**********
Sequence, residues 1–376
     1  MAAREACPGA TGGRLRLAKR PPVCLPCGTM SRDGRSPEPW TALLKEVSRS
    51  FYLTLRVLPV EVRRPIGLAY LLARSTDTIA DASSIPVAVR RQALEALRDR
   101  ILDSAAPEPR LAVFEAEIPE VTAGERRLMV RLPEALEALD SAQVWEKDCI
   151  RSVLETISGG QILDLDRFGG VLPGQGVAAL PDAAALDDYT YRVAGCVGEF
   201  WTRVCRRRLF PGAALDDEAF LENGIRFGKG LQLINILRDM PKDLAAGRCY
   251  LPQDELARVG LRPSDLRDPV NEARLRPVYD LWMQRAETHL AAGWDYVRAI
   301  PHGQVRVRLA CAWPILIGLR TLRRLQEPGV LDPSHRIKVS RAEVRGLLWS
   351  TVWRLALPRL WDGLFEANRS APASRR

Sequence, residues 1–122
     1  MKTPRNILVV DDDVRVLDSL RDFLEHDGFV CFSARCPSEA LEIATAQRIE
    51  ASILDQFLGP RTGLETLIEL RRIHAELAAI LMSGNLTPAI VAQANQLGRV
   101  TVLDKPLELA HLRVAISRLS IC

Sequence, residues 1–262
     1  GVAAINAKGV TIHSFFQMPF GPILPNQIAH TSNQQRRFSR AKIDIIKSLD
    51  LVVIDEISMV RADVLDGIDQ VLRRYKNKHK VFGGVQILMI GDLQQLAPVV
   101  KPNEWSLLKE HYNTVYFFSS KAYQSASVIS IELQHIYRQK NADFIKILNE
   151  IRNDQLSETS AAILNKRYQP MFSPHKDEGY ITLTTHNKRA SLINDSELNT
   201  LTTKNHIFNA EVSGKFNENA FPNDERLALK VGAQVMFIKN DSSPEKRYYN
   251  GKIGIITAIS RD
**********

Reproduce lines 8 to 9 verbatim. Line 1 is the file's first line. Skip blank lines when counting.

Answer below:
   301  PHGQVRVRLA CAWPILIGLR TLRRLQEPGV LDPSHRIKVS RAEVRGLLWS
   351  TVWRLALPRL WDGLFEANRS APASRR